» Full Dark, No Stars - Stephen King's new novella questions mankind's ability to trust others.
[02.21.2011 by Bridget Doyle]


 » The Top 30 Albums of 2010 - Fashionably, fabulously late, our favorite music (and believe me, there was a LOT) of 2010, the year that some have called the best year for music ever. And only some of those fools work here. Plenty of usual suspects, lots of ties and a few surprises that I won't spoil, including our unexpected #1.
[12.24.2010 by The LAS Staff]


 » Live: Surfer Blood/The Drums at Lincoln Hall, Chicago, IL - Remember when Weezer used to put together records that you could sing along to and rock out to? That's what Surfer Blood's show was like!
[11.04.2010 by Cory Tendering]

Music Reviews

Screaming Females - Castle Talk
»Screaming Females
Castle Talk
Don Giovanni
Trent Reznor & Atticus Ross - The Social Network [Original Soundtrack]
»Trent Reznor & Atticus Ross
The Social Network [Original Soundtrack]
The Null Corporation
Deerhunter - Halcyon Digest
Halcyon Digest
No Age - Everything in Between
»No Age
Everything in Between
Sub Pop
Robyn - Body Talk Pt. 1/ Body Talk Pt. 2
Body Talk Pt. 1/ Body Talk Pt. 2
The Walkmen - Lisbon
»The Walkmen
Fat Possum
Michael J. Sheehy
No Longer My Concern

Rating: NR/10 ?

October 1, 2004
Michael J. Sheehy will never be able to erase the clause "former frontman of Dream City Film Club" from the end of his name. While the band's stint was completed in 1999, he is still tied to the name he formerly made for himself. As another chapter in his musical life comes to a close in this, the third of a self-confessed trilogy of solo releases, he continues to struggle to find his definitive place.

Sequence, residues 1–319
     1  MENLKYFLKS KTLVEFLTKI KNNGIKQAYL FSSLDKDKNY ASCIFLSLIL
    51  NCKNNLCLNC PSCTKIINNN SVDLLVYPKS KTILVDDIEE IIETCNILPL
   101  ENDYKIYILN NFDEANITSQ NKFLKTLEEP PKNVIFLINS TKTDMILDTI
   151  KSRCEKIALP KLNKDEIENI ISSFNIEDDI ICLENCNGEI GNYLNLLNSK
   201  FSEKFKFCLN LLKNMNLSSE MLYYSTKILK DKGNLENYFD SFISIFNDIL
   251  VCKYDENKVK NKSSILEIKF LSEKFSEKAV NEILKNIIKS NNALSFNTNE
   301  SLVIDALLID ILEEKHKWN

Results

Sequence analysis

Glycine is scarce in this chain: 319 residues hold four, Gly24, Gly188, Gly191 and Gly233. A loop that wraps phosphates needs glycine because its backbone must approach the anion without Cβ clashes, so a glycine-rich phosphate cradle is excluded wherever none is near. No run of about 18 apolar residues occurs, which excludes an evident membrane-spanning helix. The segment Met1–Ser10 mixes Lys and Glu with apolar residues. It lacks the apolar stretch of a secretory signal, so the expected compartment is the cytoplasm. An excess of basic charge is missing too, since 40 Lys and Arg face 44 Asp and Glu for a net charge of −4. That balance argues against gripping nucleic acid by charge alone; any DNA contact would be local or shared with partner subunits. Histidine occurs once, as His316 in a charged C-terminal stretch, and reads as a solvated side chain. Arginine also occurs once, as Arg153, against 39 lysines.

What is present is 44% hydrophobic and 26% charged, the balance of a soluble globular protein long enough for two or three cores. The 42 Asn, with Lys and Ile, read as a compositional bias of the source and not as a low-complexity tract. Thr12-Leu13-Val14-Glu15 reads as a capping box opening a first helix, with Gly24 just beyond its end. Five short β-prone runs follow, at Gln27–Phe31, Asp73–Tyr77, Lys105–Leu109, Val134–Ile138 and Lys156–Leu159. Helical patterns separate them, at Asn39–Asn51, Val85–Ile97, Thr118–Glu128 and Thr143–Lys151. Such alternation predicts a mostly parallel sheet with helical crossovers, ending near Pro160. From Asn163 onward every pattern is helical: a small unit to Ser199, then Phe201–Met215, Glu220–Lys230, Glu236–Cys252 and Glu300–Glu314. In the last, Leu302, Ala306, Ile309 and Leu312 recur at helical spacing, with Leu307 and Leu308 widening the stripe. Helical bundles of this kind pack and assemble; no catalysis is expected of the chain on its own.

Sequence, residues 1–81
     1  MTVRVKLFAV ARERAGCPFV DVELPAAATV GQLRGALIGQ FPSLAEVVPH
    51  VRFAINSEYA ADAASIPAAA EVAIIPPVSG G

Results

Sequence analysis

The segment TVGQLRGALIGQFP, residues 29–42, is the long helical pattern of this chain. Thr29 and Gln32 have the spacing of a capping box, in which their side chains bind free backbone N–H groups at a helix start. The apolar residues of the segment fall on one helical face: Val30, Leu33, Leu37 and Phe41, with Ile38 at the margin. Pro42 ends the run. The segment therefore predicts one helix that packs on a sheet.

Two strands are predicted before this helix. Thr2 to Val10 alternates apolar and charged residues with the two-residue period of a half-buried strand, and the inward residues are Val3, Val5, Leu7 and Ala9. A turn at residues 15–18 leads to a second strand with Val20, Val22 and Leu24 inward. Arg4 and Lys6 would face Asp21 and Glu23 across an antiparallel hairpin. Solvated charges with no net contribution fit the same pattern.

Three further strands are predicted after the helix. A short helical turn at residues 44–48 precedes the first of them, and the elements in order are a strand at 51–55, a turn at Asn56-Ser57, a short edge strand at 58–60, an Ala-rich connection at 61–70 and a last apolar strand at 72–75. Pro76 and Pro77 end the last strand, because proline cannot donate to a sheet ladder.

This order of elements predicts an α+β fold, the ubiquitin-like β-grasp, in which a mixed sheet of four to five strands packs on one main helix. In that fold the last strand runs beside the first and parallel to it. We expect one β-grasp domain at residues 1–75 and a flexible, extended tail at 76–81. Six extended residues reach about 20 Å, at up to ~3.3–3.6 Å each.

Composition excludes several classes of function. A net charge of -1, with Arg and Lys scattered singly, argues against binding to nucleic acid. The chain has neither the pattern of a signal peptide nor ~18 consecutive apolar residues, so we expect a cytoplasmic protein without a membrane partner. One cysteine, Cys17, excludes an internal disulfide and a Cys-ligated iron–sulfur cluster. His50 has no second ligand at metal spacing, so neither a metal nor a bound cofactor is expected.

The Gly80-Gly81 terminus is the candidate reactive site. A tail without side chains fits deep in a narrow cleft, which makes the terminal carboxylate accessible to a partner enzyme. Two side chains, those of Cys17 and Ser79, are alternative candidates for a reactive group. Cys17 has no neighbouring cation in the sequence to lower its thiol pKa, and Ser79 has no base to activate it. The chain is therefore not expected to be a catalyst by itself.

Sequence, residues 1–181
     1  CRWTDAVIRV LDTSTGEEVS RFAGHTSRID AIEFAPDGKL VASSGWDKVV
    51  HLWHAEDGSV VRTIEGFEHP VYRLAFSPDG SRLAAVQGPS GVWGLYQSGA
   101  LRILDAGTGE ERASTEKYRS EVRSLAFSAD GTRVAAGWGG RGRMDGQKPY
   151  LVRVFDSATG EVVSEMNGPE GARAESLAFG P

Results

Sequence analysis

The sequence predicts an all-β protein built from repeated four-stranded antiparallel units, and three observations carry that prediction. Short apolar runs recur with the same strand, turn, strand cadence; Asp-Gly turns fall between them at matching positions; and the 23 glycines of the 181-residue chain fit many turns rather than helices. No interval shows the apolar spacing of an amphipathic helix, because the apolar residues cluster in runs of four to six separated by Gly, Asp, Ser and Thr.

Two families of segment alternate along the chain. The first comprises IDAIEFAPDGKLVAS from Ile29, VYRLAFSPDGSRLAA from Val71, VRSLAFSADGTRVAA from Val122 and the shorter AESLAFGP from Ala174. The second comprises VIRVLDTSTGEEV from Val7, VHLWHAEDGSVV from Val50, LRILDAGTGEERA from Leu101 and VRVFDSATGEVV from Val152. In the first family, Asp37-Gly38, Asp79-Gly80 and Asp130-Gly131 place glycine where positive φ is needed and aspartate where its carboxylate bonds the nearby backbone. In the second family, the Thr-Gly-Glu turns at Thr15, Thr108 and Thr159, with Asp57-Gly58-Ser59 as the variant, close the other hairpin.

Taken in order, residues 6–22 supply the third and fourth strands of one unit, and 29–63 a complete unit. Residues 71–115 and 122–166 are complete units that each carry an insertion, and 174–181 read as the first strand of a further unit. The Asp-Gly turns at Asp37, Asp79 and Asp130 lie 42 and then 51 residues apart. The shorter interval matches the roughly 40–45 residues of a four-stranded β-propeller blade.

While his solo efforts have been fairly well-received, there is little here to help him stand out among the crowds of Tom Waitses, Simon Joyners, and Nick Caves who have already smeared the grit around. Still, his voice remains showcased, bare and reminiscent of a depressed Lloyd Cole wallowing in the pits of Tin Pan Alley.

At his best, Sheehy is ravaged by misery with darkly humorous and provocative lyricism, broken-hearted by seeming religious befuddlement. His talents shine in the more upbeat tracks, like "Pigboy", where he warps bizarre country rock with shallow Cure references and churning melodies. The same formula works well in the coda of his final track, aptly named "Twisted Little Man", where he recalls AM/FM in his song structure, but Black Francis in his rage.

However, when he is not in the heights of such passion, he is consumed by a lack of momentum, which unfortunately characterizes the majority of the album. While his lyrics remain top notch in their obscurity - about Donkey Rides Straight to Hell and Ballads of Pissed Apostles - he runs the risk of leaving the listener behind as he trudges through the mire.

A respectable bit of perversion, and a brutally honest confessional, though it would benefit from a better balance between alienation and intrigue.

Reviewed by Sarah Peters
A former music editor and staff writer for LAS, Sarah Peters recently disappeared. Perhaps one day she will surface again, who knows.

See other reviews by Sarah Peters



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